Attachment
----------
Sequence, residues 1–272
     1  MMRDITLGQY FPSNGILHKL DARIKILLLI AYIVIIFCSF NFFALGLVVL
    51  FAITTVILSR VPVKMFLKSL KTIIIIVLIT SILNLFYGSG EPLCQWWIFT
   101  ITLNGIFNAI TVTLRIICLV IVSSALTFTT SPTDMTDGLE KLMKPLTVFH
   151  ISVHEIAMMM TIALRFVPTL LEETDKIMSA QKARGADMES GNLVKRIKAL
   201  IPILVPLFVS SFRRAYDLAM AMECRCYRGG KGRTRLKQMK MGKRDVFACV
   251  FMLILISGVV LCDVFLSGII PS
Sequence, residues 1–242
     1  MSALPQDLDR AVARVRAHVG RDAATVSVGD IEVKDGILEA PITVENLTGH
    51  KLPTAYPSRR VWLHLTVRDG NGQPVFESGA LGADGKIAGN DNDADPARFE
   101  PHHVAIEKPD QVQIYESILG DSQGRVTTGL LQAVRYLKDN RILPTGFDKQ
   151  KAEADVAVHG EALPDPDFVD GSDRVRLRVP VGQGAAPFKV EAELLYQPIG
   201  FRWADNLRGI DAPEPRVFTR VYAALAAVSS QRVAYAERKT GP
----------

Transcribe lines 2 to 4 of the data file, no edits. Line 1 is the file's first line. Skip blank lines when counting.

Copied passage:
     1  MMRDITLGQY FPSNGILHKL DARIKILLLI AYIVIIFCSF NFFALGLVVL
    51  FAITTVILSR VPVKMFLKSL KTIIIIVLIT SILNLFYGSG EPLCQWWIFT
   101  ITLNGIFNAI TVTLRIICLV IVSSALTFTT SPTDMTDGLE KLMKPLTVFH